Forested tropical peatlands in Southeast Asia are being rapidly converted to agriculture or degraded into non-forest vegetation. Although large areas have been abandoned, there is little evidence for subsequent forest recovery. As part of a study of forest degradation and recovery, we used seed removal experiments and rodent surveys to investigate the potential role of post-dispersal seed predation in limiting the regeneration of woody plants. Two 14-day seed removal trials were done in deforested and forested peatland habitat in Central Kalimantan, Indonesia. Seeds of Nephelium lappaceum, Syzygium muelleri, Artocarpus heterophyllus (all animal-dispersed) and Combretocarpus rotundatus (wind-dispersed) were tested. Significantly more seeds (82.8%) were removed in forest than non-forest (38.1%) and Combretocarpus had the lowest removal in both habitats. Most handled seeds were eaten in situ and little caching was observed. Six species of rodents were captured in forest and five in non-forest. The most trapped taxa were three Maxomys spp. in forest (85.5% of individuals) and Rattus tiomanicus in non-forest (74.8%). Camera traps confirmed that rodents were responsible for seed removal. Seed predation in deforested areas, which have a much lower seed rain than forest, may contribute to the low density and diversity of regenerating forest.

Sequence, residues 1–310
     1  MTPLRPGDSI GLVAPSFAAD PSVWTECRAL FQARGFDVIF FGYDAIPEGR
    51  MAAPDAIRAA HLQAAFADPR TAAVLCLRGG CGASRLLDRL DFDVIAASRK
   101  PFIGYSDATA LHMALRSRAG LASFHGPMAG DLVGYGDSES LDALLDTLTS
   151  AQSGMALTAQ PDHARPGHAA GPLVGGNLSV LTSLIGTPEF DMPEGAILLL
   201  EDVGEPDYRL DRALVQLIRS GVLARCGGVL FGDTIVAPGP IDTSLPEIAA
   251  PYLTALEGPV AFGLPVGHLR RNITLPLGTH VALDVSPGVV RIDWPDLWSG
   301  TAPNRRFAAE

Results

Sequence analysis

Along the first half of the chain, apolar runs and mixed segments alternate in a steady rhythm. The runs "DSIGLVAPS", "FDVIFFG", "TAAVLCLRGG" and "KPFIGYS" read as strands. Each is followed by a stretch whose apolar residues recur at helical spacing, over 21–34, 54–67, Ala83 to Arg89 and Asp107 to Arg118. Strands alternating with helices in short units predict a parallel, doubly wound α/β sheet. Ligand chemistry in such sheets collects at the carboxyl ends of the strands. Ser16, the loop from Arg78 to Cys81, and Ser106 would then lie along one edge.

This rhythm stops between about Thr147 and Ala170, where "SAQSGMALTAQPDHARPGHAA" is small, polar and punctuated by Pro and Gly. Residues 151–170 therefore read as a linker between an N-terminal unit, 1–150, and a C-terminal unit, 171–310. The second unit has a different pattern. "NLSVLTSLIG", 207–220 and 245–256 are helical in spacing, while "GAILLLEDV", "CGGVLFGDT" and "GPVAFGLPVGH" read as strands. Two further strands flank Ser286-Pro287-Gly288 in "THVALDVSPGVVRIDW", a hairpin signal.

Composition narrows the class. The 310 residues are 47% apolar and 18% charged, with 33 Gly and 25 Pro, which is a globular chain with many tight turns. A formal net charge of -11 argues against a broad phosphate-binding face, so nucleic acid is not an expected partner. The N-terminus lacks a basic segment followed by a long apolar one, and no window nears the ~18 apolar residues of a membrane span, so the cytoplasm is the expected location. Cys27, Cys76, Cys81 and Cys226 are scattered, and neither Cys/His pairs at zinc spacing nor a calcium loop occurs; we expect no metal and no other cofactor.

- Authors: Blackham, G.V., Corlett, R.T.
- Author Affiliation: Department of Biological Sciences, National University of Singapore, 14 Science Drive 4, 117543, Center for Integrative Conservation, Xishuangbanna Tropical Botanical Garden, Chinese Academy of Sciences, Menglun, Yunnan, 666303
- Subjects: peatlands, tropics, agriculture, degradation, wildlife, habitat, ecology, rodents, seed predation
- Publication type: Journal Article
- Source: Scientific Reports 5: 14152
- Year: 2015
- DOI: https://doi.org/10.1038/srep14152